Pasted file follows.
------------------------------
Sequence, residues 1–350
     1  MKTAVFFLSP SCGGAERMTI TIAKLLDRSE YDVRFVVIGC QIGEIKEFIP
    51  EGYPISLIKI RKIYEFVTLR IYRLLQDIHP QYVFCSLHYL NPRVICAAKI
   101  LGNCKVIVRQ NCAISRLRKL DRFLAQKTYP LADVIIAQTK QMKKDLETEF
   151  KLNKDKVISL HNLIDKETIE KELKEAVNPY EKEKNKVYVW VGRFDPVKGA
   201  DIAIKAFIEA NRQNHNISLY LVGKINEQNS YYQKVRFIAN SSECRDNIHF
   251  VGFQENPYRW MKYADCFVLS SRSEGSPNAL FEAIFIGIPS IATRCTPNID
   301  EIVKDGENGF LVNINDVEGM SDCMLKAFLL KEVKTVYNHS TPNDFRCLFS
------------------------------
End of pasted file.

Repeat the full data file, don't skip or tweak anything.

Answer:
Sequence, residues 1–350
     1  MKTAVFFLSP SCGGAERMTI TIAKLLDRSE YDVRFVVIGC QIGEIKEFIP
    51  EGYPISLIKI RKIYEFVTLR IYRLLQDIHP QYVFCSLHYL NPRVICAAKI
   101  LGNCKVIVRQ NCAISRLRKL DRFLAQKTYP LADVIIAQTK QMKKDLETEF
   151  KLNKDKVISL HNLIDKETIE KELKEAVNPY EKEKNKVYVW VGRFDPVKGA
   201  DIAIKAFIEA NRQNHNISLY LVGKINEQNS YYQKVRFIAN SSECRDNIHF
   251  VGFQENPYRW MKYADCFVLS SRSEGSPNAL FEAIFIGIPS IATRCTPNID
   301  EIVKDGENGF LVNINDVEGM SDCMLKAFLL KEVKTVYNHS TPNDFRCLFS